Results

We identified 1,458 articles; 27 met our inclusion criteria yielding 125 separate analyses (see Figure 1, Figure 3a–d, and Table 1). There was 1 RCT. All other studies were observational: 6 were case-control studies, and 20 were cohort studies. Of the observational studies, 5 studies were rated as good quality; 12 were rated as fair; and 9 were rated as poor (see Figure 2). The RCT was rated as good quality. We identified four meta-analyses of RCTs [9][11], [20]. Three of these [9][11] focused on abacavir, with significant overlap of studies analyzed. We therefore chose the meta-analysis that was most comprehensive [9], as well as the one meta-analysis of PI RCTs [20], and used the evidence from these as comparisons to our findings. Neither of these meta-analyses was rated as of good quality, because they did not provide a list of all included and excluded studies, did not provide an assessment of study quality, and did not assess likelihood of publication bias.

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Figure 3. (a–d) Reported risk ratio and 95% confidence interval for each study group, organized by drug exposure, cardiovascular event, exposure definition, and risk ratio.

Note that risk of recent exposure represents the effect of exposure to the agent within the past 6 months relative to non-exposure in the past 6 months, and risk per year represents the effect of one additional year of exposure to the agent.

https://doi.org/10.1371/journal.pone.0059551.g003

We were able to combine results from 8 observational studies [4], [6], [8], [21][25] that described associations using odds ratios in a formal meta-analysis. The remaining observational studies reported associations using hazard ratios [26][30], did not report MI-specific cardiovascular outcomes [29], [31][38], were the only study reporting on a specific drug exposure [7], [39], or did not provide a quantified measure of their findings (only whether the findings were significant or not) [40][42]. As some studies investigated multiple drugs, they may have contributed to separate analyses of more than one drug class in our meta-analysis (see Tables 2, 3). Table 2 shows the exposures for which we were able to provide summary estimates of effect size, and Table 3 indicates the exposures for which we were able to combine p-values using Fisher’s method.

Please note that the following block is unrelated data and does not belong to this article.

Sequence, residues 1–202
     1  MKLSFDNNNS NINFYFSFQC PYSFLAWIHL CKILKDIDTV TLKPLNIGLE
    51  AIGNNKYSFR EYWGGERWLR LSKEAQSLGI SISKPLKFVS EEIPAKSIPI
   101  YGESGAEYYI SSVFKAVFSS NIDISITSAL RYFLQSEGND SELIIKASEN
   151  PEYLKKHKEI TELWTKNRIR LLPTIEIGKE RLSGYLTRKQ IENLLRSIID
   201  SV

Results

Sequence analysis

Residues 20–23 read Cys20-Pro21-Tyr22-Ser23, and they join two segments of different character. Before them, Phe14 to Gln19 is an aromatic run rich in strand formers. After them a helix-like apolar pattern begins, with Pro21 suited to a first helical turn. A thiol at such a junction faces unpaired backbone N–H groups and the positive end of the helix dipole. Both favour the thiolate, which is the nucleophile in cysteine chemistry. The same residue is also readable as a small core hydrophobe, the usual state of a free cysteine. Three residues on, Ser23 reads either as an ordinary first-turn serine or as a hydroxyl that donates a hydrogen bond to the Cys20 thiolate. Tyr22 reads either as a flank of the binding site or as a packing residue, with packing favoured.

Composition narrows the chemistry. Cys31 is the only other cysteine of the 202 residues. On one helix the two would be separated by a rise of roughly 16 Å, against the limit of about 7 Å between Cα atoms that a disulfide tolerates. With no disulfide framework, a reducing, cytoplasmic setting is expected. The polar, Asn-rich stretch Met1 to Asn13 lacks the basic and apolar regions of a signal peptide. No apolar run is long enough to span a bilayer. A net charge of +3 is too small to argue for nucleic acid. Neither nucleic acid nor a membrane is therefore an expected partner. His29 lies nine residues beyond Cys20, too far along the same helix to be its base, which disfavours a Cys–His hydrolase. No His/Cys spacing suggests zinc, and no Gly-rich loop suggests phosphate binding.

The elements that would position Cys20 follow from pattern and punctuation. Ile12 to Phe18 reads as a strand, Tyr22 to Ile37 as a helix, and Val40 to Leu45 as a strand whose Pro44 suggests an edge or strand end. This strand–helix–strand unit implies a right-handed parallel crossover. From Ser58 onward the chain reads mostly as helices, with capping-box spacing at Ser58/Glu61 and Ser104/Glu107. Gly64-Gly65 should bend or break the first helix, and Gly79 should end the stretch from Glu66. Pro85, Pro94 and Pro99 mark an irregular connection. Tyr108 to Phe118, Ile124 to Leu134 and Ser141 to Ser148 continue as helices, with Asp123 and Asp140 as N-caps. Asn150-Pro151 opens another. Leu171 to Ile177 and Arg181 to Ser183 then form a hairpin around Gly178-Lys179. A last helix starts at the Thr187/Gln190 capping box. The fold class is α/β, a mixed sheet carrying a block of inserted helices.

Yearly Exposure to NRTIs

Two studies reported cardiovascular risk assessed based on yearly exposure to NRTIs [4], [8]. We were unable to combine evidence on yearly use of abacavir due to heterogeneity of the results from the two reporting studies. Specifically, while Lang et al. [8] showed no association between yearly use of abacavir and risk of MI (OR 0.97, 95% CI: 0.86, 1.1), DAD reported a relative risk of 1.14 (95% CI: 1.08, 1.21) [4].

These two studies showed similar heterogeneity when assessing risk from yearly exposure to didanosine; Lang et al. reported no association and the DAD reported an increased risk (0.91, 95% CI: 0.82, 1.01 and 1.06, 95% CI: 1.01, 1.12).

No significant findings were observed in our meta-analysis for cumulative exposure to the other NRTI agents investigated (lamivudine, stavudine, tenofovir and zidovudine exposure).

Recent Exposure to NRTIs

Our pooled analysis of 2 studies [4], [21] demonstrated an association between recent exposure (usually defined as within last 6 months) of abacavir and risk of MI, with a summary RR of 1.91 (95% CI: 1.50, 2.42, see Figure 4a). In addition, combining p-values across all studies that evaluate comparable definitions of recent exposure to abacavir with comparable reference groups (See Table 4) using Fisher’s method suggested a harmful association between recent abacavir use and MI (p<0.001).

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Figure 4. (a, b) Reported risk ratio and 95% confidence interval for exposure groups with sufficient evidence to summarize in meta-analysis.

Results of meta-analysis are shown in bottom row of each exposure group, denoted pictorially by the red diamond. Each study is given a weight based on its number of subjects and length of follow-up, denoted pictorially by size of its box in the plot. Note that risk of recent exposure represents the effect of exposure to the agent within the past 6 months relative to non-exposure in the past 6 months, and risk per year represents the effect of one additional year of exposure to the agent.

https://doi.org/10.1371/journal.pone.0059551.g004